Halloween night safety advice from Laois Fire Station Officers File photo via Pixabay
The County Laois Fire and Rescue Services have warned the public bonfires and fireworks are illegal and should be avoided but also issued guidance to those who insist on maintaining the dangerous traditions.
The Station Officers appealed to the communities they serve to watch over their loved ones around fireworks and bonfires this Halloween.
The officers said thousands of people throughout the country over the years have seen the pain and suffering of friends and family members as a consequence of fireworks and bonfire displays that have gone horribly wrong.
However, if bonfires are held the Station Officers have issued the following advice.
- Where bonfires do occur they should be well clear of all residential areas and away from ESB cables and pylons.
- Ideally, the bonfire should be sited in a clear open space. It should be at a safe distance (preferably no less than 50 metres) from buildings, trees, wooden fences, overhead cables or car parking areas.
- The layout of the area should also take the direction of the wind into account so that the bonfire does not blow towards
- The spectators and sparks are not carried towards any combustible materials/
- A bonfire should be supervised by adults and a perimeter ring should be established around the bonfire within which no person should be permitted.
- Never use petrol/paraffin etc to light a bonfire.
- Do not allow fireworks to be thrown on bonfires – this is highly dangerous.
- The site should have a suitable entrance(s) for emergency service vehicles and kept clear of obstruction until the event is over.
- The bonfire should be kept to a manageable size and the maximum height should not normally exceed 3m. It should be evenly built so that it collapses inwards as it burns. Spectators should be kept a minimum distance of twice the height of the bonfire to minimise the chances of injury in the event of the bonfire collapsing.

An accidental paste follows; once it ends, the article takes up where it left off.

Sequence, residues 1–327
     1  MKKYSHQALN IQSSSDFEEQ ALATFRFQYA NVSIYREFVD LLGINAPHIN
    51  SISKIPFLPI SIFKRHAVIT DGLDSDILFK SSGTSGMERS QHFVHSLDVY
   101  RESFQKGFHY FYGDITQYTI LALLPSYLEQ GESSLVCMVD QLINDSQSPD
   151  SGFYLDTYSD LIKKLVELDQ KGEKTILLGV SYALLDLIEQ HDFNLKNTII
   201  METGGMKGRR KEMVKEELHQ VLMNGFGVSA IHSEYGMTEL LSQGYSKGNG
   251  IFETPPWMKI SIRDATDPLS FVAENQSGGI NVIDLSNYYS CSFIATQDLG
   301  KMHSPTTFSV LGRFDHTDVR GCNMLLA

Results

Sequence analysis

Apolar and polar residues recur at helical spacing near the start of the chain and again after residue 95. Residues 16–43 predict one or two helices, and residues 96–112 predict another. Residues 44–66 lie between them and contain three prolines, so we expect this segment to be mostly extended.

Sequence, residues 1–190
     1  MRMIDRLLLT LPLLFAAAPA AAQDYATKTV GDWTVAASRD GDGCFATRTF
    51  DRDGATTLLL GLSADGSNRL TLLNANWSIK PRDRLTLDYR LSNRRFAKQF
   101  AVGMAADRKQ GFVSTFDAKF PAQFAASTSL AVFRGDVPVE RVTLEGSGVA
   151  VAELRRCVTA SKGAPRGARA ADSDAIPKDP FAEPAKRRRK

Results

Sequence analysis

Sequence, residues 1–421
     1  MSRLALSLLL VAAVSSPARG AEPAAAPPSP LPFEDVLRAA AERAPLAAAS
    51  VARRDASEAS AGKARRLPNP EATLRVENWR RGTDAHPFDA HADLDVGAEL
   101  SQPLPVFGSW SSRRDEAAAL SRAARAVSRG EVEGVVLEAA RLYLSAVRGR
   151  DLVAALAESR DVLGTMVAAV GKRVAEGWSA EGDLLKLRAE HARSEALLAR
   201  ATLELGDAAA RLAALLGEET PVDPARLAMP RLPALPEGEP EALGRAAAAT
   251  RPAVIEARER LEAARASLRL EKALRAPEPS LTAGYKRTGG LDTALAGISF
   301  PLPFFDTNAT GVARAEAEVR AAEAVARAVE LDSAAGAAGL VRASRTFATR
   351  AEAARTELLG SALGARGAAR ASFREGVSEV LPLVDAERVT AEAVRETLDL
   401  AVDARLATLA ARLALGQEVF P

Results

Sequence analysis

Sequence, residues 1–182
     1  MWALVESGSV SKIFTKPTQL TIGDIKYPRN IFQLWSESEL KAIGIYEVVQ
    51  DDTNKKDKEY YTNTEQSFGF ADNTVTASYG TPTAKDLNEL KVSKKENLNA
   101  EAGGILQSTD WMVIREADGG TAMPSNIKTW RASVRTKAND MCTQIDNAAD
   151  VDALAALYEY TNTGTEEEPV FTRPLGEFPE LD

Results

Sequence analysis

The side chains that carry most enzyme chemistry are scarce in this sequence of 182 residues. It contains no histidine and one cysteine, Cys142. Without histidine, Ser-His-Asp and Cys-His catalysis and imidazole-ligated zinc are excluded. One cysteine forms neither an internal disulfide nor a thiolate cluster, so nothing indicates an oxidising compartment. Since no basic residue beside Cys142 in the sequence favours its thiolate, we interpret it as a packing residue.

- The bonfire should not contain any potentially hazardous materials which may explode or give off toxic fumes, such as aerosols; batteries; bottles; foam-filled furniture, gas cylinders, tins of paint etc.
- Tyres should not be used as they produce large amounts of black smoke and can roll off the bonfire when alight,
- Light-weight materials that may be blown away while on fire should not be used.
- At the end of the event, the bonfire should be extinguished with water and it should not be left until the person in charge is certain that it is out.
If your bonfire gets out of hand, dial 999 / 112 and inform the fire brigade/emergency services.
The fire service also encouraged everyone to adhere to national Covid-19 guidelines in relation to “trick or treat” visits, parties and events and to follow the recommendations below to ensure that this time of celebration remains a safe time for all.
It advised that if people are dressing up in dark clothes, reflective material should be added to improve visibility to all road users. The services advise that only use fire-retardant materials for costumes and ensure children are accompanied by a parent or guardian.
Be Safe and Stay Safe is the bottom line message from Laois Station Officers: James Brown, Paul Bolger, Justin Kavanagh, David Donohue, John Fenlon, Declan Carroll, Tom Lalor and Darren Moran.